By Karen A. Soukiasian
We recently received a rather disturbing photograph on our Facebook page. It was of two teen males, haughtily posing for a camera, while flipping the bird, as they dangled a lifeless puppy with a rope tightly tied around its neck. No doubt, their parents must be very proud of how they raised their sons.
Granted, before we continue, we are all aware there are some who have serious physical and psychological problems that require more than what this articles suggests. Here, we are dealing with the norm, not the exception.
The “average” mentally and physically healthy child learns by experience and example. With little or no life experience, they have no understanding of empathy and compassion, unless it directly affects them personally. That is why learning by example is so important.
Those who suffer from low self-self esteem, either withdraw, or will do anything, sometimes subtle or sneaky, and sometimes grandiose, even if it is wrong, simply for attention. They may or may not understand there are consequences for their inappropriate behavior, but they don’t care at that time. What they are seeking is status and attention.
As a part of growing up and learning, children frequently mimic what they see and hear. They often test us to see what effect their unfitting behavior will have on us, and if there are consequences.
When you see your child cuddling a cat or dog, you smile and think how sweet? By telling them what they are doing is appropriate, you are reinforcing in a positive way, an appropriate behavior.
But, what is your reaction when you see them being unkind or just plain cruel to an animal?
Do you wonder, where did they see, or why are they inflicting harm, pain, or possibly death to the animal?
Does it occur to you, what they doing to that to helpless animal, they could possibly do to another child?
Do you step in, and correct your child and explain to them, their behavior is inappropriate and why?
Do you explained to them in an age appropriate way, so they will understand that they are hurting their pet? Or do you just ignore it?
Do you automatically assume if your child is bitten or scratched, the cat or dog is to blame?
Does your child see you punish the animal? What is their reaction? Are they empathetic or detached?
In most cases, it’s not the child, but the animal, that regrettably suffers the consequences of the unfortunate interaction. In fact, the animal is doing nothing more, than instinctively reacting to survive that situation.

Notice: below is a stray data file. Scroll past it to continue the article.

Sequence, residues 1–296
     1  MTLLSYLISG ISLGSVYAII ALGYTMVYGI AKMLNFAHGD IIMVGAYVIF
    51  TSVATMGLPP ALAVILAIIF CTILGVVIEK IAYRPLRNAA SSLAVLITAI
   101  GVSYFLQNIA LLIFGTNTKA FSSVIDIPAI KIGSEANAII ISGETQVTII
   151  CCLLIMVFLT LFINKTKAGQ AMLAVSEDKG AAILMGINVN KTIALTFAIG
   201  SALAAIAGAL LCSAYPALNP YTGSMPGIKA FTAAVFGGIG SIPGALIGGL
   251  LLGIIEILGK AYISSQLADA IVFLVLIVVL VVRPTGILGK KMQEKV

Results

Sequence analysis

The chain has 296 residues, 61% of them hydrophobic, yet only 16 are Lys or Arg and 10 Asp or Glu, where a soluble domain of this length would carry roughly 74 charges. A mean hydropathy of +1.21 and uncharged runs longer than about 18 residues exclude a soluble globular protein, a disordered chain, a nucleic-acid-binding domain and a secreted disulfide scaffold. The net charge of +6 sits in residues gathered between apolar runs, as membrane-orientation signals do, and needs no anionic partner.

Are we fair to expect our pets to behave better than our children?
In 1943, Abraham Maslow created a pyramid called Maslow’s Hierarchy of Needs. It is a five level pyramid of needs. It starts at the base with Physiological. The second level is Safety. The third level is Love/Belonging. The fourth level is Esteem. The apex is Self-Actualization.
At the fourth level, that of Esteem, Maslow held humans have a basic need to be accepted and valued. He also believed there were two forms of esteem; lower, which reflects the need for: attention, respect from others, and status. And, higher, which reflects the need for: self-confidence, strength and competence. An imbalance at the Esteem level is where and how a person senses their self-value, and essentially where bullies are formed.
In early development, it is at this level, where your response to your child’s interactions with animals is most crucial. Here, by teaching by example and correction, to be responsible, respectful and kind to their puppy or kitten, you are also validating your child’s need for attention, respect and status in a healthy, positive manner.
Bottom line: By demonstrating to and instilling in children, compassion, respect, empathy, kindness, sympathy and love; as well as a balanced sense of self-worth, we can possibly prevent future bullying and abuse of children, animals, and even adults.
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